This is where Occupations are split from ‘Not Elsewhere Classified’ NEC categories. NEC occupation categories are often where emerging occupations will be included until they reach a size where they can be separately identified.

Since they are ‘residual’ categories, NECs are often less specific, less homogeneous and harder to describe. They are often excluded from the skilled visa program and time series analyses.

The ABS will perform a comprehensive review of all NECs every five-year cycle.

Retired

Where a group no longer describes a sufficient number of workers it may be retired, and the code discontinued. This commonly effects Occupations and less commonly Unit Groups.

The remaining workers would be coded to another relevant group, most likely a ‘Not Elsewhere Classified’ (NEC) category. This is done to ensure a manageable, balanced classification. If the retirement of an Occupation does not affect the scope of its parent Unit Group, the change can be implemented during an annual minor update.

Split, retiring the original code

This is where the original group and code is retired and new groups and codes are created. In most cases, splitting with retirement occurs at the Occupation level. Splitting and retiring the original code is done to meet demand for increased detail.

If the new Occupation groups stay within the original Unit Group then the split can be made during a minor annual update.

Split, without retiring the original code

This is where groups are created within the same parent group without retiring the original category and code. Workers previously coded to the existing occupation are now coded to a new occupations within the same parent group. For example, of splitting without retirement is when a specialisation of an existing occupation is separately identified as a discrete occupation.

Occupation splits without retirement that do not affect the scope of the Unit Group can be made during a minor annual update.

Moved between Unit Groups

There are constraints on the number of codes that can fit within a given Unit Group. As a result, some Occupation groups may change codes and Unit Groups without any conceptual change. These changes will have no significant impact on time series data at the Unit Group level (apart from a change in code).

Appendix B - Principles of statistical classifications

Statistical classifications are ordered sets of related, mutually exclusive categories which should not exist in isolation from a supporting statistical standard. Statistical classifications allow data to be presented in a standard way by ordering data for specific subject matter needs, thereby enabling data coherence across statistical collections.

Owned

  • Has a custodian
  • Stakeholders have been documented and consulted with
  • Has a maintenance schedule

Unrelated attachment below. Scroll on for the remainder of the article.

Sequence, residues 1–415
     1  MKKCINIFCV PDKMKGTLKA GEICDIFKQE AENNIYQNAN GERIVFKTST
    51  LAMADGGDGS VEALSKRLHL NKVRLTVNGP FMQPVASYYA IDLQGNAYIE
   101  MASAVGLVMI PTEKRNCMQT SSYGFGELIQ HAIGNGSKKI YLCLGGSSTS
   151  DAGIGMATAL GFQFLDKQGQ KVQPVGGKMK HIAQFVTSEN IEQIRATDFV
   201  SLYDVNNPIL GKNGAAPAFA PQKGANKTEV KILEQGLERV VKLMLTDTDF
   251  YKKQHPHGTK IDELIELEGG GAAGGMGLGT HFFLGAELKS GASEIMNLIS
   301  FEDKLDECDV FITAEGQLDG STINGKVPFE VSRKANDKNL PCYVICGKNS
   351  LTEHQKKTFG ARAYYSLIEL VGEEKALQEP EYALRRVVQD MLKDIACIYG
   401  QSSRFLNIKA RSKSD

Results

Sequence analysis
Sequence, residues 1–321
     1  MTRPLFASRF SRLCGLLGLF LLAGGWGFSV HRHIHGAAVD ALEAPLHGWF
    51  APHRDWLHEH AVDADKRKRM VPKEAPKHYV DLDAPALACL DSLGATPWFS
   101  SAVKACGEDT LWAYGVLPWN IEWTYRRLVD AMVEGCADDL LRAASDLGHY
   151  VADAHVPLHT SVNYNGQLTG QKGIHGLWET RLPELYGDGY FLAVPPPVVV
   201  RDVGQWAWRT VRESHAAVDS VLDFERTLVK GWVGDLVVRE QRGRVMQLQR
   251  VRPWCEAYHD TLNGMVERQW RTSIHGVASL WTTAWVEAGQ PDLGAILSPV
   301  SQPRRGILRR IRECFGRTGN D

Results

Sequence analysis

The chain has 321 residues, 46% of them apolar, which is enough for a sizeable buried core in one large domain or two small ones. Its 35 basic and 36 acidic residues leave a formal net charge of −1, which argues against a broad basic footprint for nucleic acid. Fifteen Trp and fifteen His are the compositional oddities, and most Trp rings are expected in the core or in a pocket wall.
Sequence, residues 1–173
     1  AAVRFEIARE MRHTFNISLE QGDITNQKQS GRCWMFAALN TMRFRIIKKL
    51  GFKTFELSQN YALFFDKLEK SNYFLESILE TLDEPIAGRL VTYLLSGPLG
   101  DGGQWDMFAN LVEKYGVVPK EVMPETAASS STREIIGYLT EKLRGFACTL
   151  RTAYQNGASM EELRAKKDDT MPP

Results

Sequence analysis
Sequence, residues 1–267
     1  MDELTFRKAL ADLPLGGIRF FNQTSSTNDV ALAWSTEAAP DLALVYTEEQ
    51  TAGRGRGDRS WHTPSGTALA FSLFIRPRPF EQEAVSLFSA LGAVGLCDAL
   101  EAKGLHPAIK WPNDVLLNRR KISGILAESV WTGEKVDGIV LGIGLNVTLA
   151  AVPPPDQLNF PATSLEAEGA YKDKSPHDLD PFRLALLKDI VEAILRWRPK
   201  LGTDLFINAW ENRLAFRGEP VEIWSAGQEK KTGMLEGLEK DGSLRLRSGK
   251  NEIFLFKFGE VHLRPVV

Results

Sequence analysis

Helpful for statistical analysis

  • Meets statistical user needs
  • Has been tested
  • Allows for output that conforms to the ABS’s mission statement of accurate, reliable, relevant, and timely
  • Supports output of meaningful data for analysis
  • Results allow for extrapolation

Representative

  • Current and relevant
  • Provides a basis for explanations
  • As inclusive as possible of the units intended to be observed under the concept
  • Does not skew sample results
  • As statistically balanced as possible, - categories at the same level are similar in size

Well structured

  • Flat or hierarchical
  • Arranged logically and sequentially
  • The classification is exhaustive of the units it is intended to cover.
  • Mutually exclusive categories at the same level are clearly defined and do not overlap with each other.
  • Uses a consistent conceptual basis
  • Can be used in the collection, production, and presentation of statistics
  • Uses numeric and/or alpha code identifiers

Clearly defined

  • Scope, conceptual basis, and objectives are documented
  • Category names are precise, unique, and reflective of the category scope
  • Definitions are clear and unambiguous
  • Units being measured are defined
  • Uses standard international and/or ABS definitions where appropriate
  • All documentation relevant to the classification are consistent
  • Content of each category in the classification is clearly defined

Comparable

  • Promotes international and national comparability or harmonisation
  • Correspondence to similar international and domestic classifications are available if applicable
  • Comparable over time – maintains time series
  • Comparable across collections

Robust

Practicable - can be easily implemented in the real world

Will be relevant for a period of time

Can be used in a variety of applications

Meets the needs of data collections, analysis, and dissemination simultaneously

For a more detailed discussion on the principles and best practices for statistical classifications, see Best Practice Guidelines For Developing International Statistical Classification on the United Nations Statistics Division website.